8. Marion Zimmer Bradley rewrote the Arthurian legends from a feminist perspective in The Mists of Avalon; Ursula K. Le Guin did it for the Aeneid in Lavinia. While this isn't terrible, both of those books were more successful than this one.In the frame to this story, an aged Kassandra insists that a bard is telling the story of the fall of Troy is all wrong--in the previous generation, women had ruled cities and lived in harmony with the Goddess and everything was hugs and puppies until men totall [...]

    9. Ive always been a little leery about this book and her other works. In this for example a character spoiler: (view spoiler)[has an incestous relationship with his daughter. >_< The maincharacter of course gets appaled by thisbut its never dealt with because of some religion mumbo jumbo. In one of her Darkover books,the heroine disguises herself as a boy to escape a marriage to a lecherous older man,who attacked herbut only to check if she fought back. Because that would show if she was rea [...]

    10. Quem me conhece sabe que As Brumas de Avalon são uns dos meus livros preferidos e tinha bastante curiosidade em saber como Marion Zimmer Bradley tinha recriado a história de Tróia através de Cassandra. Assim, aproveitei comprar o livro na Hora H.Em Presságio de Fogo, a história vai-se desenrolando através de Cassandra, uma princesa troiana com o dom da profecia, mas apesar das suas visões, os que a rodeiam não acreditam no seu dom.A história começa com o nascimento de Cassandra e Pár [...]

    11. I'm always up for an alternate point of view story, and Cassandra/Kassandra is a character from the story of the Trojan War who has the potential to be very interesting - a prophetess whose words are believed by no one. Unfortunately, Bradley likes to bludgeon the reader with her particular brand of feminism, i.e things were better in that mythical time when everyone worshiped the Earth Mother, and woman should be free to take on consorts as they please, since men are all such jerks anyway. Blec [...]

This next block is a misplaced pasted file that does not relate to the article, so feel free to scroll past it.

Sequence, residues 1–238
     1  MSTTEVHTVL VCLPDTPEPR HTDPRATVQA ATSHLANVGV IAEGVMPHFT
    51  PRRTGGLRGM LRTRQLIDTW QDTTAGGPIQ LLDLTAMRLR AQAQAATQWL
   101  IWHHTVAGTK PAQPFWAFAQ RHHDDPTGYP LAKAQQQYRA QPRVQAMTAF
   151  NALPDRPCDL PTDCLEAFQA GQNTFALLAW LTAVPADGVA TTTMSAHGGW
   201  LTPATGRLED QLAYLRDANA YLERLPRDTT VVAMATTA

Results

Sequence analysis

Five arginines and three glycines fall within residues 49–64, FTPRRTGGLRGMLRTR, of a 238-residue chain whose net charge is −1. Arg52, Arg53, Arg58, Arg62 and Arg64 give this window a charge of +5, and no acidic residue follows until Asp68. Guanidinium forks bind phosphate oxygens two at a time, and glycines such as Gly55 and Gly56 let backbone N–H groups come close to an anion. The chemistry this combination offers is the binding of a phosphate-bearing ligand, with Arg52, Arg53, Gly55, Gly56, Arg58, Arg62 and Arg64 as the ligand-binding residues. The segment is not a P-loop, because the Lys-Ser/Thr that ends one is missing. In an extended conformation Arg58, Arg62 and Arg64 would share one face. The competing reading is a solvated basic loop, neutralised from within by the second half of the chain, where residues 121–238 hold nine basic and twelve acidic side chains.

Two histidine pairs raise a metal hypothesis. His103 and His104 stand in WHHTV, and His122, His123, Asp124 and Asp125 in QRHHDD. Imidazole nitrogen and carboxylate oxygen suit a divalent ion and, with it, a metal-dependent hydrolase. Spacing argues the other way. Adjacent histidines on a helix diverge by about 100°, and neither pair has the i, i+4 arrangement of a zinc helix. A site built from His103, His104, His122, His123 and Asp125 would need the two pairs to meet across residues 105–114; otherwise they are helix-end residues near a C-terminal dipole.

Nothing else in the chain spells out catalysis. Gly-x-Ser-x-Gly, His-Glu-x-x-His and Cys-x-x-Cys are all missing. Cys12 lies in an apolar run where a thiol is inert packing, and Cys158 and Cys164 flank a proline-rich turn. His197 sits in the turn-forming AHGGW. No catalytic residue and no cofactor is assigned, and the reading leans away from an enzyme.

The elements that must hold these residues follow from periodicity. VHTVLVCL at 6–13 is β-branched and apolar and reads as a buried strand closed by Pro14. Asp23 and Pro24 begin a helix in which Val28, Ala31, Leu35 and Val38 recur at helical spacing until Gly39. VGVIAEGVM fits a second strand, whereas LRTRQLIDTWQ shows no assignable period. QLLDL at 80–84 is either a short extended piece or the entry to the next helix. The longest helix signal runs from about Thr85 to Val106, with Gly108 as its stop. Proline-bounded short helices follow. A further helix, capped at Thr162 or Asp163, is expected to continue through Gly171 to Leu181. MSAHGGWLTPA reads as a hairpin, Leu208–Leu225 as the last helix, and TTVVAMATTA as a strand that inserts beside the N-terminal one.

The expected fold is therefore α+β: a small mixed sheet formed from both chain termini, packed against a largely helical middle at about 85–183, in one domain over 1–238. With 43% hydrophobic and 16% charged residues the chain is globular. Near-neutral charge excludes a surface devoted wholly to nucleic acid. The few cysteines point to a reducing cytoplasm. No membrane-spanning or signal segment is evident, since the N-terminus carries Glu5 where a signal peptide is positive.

12. Interesting re-telling of the fall of Troy from the point of view of Kassandra - a priestess and princess of Troy.The book makes a massive amount of the fact that many of the main characters are female. Actually, what the book is really about is the different ways that women relate to men and to each other. This provides some food for thought, but is spoiled quite a lot by not being very nuanced in its portrayals. There are a lot of absolute statements made, and portrayal of extremes, without mu [...]

    13. This book started with an interesting premise, weaving in the myths of greece in a tale of real lives, but soemthing wasn't working for me. I got about half way through the book before I figured it out. The main character, and all the charachters, actually, are not logical, in that the author makes them do things and have reactions that aren't true to their characters, just to move the story along. They don't stay true to how she originally portrays them to be and it makes it confusing for the r [...]

    14. Credo sia evidente che ho una passione per la classicità (greca in particolare). Sono incappata nella trama di questo libro per caso, e ho pensato "perché no?". Ora posso tranquillamente dire "ma anche no!". Capisco l'intento dell'autrice di dar rilievo alle figure femminili in una cornice come quella dell'Iliade (in cui hanno più intelletto e libertà i cavalli), ma il risultato è per me disastroso. Cassandra è una figura tragica in senso classico, che poco si presta ad esser rivisitata in [...]

    15. This book was pretty abysmal, but I kept reading it anyways bc TROJAN WAR, y'all. Bradley spends ages talking about the minutia of Kassandra's daily life, and about 1 paragraph each on the important events of Achilles' death, the Trojan Horse, etc. There's also a ridiculous epilogue where she gets a happy ending (as happy as possible after your ENTIRE family is killed or enslaved, on top of the destruction of your home and everything you hold dear). She's held up as a strong woman with ian value [...]

    16. Antes de leerme esta obra me leí Las Nieblas De Avalon y me encantó. Así llegué a Cassandra y me gustó incluso más. Ahora bien, no os esperéis una historia al uso sobre la Caída de Troya. La autora se basa en ello sólo para recrear un mundo totalmente diferente.Marion Zimmer es una autora feminista empeñada en devolver a la mujer el poder que antiguamente tuvo (según ella, a mí no me miréis!) y lo demuestra en todas sus obras con fuertes protagonistas femeninas y con giros que nada [...]